Marvel’s Agents of S.H.I.E.L.D.

Like the gathering of the mighty individuals who would make up the Avengers, Iron Man, Thor, Hulk, Captain America, each stars in their own right, so the launch of the spin off series Agents of S.H.I.E.L.D. carried with it a great weight, the implication of something momentous arriving. Credited as being based on the comic series by the legendary Stan Lee and Jack Kirby, it is executive produced by modern media colossus Joss Whedon, responsible for Buffy the Vampire Slayer, Firefly and The Avengers film itself, the third highest grossing movie of all time, with Whedon also directing the pilot episode.

In an unusual move for a television show, the pilot opens with the flickering comic book pages of the Marvel studio ident more commonly found on a feature film, a bold move that indicates the show wishes to position itself alongside projects such as those produced by HBO, one of the few other studios to announce their association so proudly, a move which sets expectation higher still.

“The secret is out,” the opening monologue tells the audience, continuing the implication that they have been chosen to be party to something special, “They’re among us, heroes and monsters,” as a montage of footage clearly identifiable as the Avengers plays while avoiding showing us faces which would necessitate royalty payments to the actors involved.

The show opens with a scene which sets the pace; an explosion blows out the top floors of a building; an unnamed man scales the wall, rescuing a survivor (conspicuously unblemished by smoke, though the whole floor has been charred through) and jumps several storeys to the ground with the woman in his arms. He flees the scene, anonymous, but has been captured on smartphone, the passersby seemingly more interested in uploading the moment to their social networks rather than summoning assistance or actually providing it themselves.

Pausing only to reveal the S.H.I.E.L.D. logo, this show being too cool and fast paced for anything as retro as opening titles, the action moves to Paris where Agent Grant Ward (Brett Dalton) is engaged in a tone-setting engagement typical of that which opens a James Bond film, yet which contributes nothing to the story, wasting further time in an episode which already runs for less than forty four minutes, before Ward is summoned to be seconded to a newly formed division created in the wake of the Battle of New York.

No effort has been made to conceal the identity of the character who will lead the ensemble, Clark Gregg’s ever popular Agent Phil Coulson, left for dead by Loki even before that fateful battle. While his first appearance is undeniably a cliché, Whedon cleverly sidesteps the fact by having Coulson himself both acknowledge and deflate the moment, then proceeds to give this established character all the best lines in the episode.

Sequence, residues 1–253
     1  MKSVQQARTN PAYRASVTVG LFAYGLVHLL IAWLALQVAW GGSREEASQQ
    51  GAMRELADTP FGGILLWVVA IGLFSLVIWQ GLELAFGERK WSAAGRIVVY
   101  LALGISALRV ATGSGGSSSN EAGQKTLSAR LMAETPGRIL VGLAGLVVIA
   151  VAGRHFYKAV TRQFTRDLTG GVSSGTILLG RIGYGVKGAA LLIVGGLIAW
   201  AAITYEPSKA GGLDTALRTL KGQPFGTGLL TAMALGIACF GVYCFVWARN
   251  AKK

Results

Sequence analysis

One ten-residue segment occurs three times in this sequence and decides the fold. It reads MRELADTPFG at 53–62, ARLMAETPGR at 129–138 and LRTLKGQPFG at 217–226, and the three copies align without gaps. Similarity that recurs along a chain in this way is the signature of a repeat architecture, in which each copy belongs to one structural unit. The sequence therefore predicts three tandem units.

Gregg is the warm human centre of the show, comfortable and relaxed in a part he has been playing since 2008, but while the more experienced performers Ming-Na Wen as Melinda May and Ron Glass as Doctor Streiten indicate they have a life beyond the cameras, many of the cast are too youthful and pretty to be taken seriously as experienced field agents.

Chloe Bennet’s Skye, a hacker who has been tracking the actions of S.H.I.E.L.D. is given the strongest role, an outsider who represents the audience‘s point of view, but Iain De Caestecker and Elizabeth Henstridge as the double act of Agents Leo Fitz and Jemma Simmons, collectively known as Fitzsimmons, are overshadowed by gadgetry and saddled with jerry-rigging improbable technologies.

Yet beyond the obviously impressive production values, the pilot, written by Whedon along with frequent collaborators Jed Whedon and Maurissa Tancharoen (the husband and wife team who are also co-creators, producers and just happen to be his brother and sister in law) is curiously flat and lifeless, the resolution of the episode hollow and unsatisfying.

The plot is generic, the progression obvious, a template of threat, the assembly of an apparently mismatched team, the introduction of the key setting, in this case the impressive aircraft which acts as a mobile base of operations, more akin to Serenity than Sunnydale High Library or the Hyperion Hotel, before a cursory investigation leads to the inevitable confrontation.

There are no action set pieces so original as to set the show apart from its peers, there is a over-reliance on dubious technology to piece together the clues, and the foreshadowing of what is to come later in the series is writ so large it may as well have been printed in bold Comic Sans in speech bubbles above the actors.

It is not unusual for a pilot episode to demonstrate the intention of a show rather than what it will actually become, but as experienced producers working with an established property, Whedon and his associates have no excuse for creating a launch platform which can at best be described as only modestly diverting. Should Marvel wish this show to emulate the success of its theatrical counterpart, all agents involved will have to work a lot harder to prove their case.

Marvel’s Agents of S.H.I.E.L.D. is broadcast on Channel 4 on Friday 27th September




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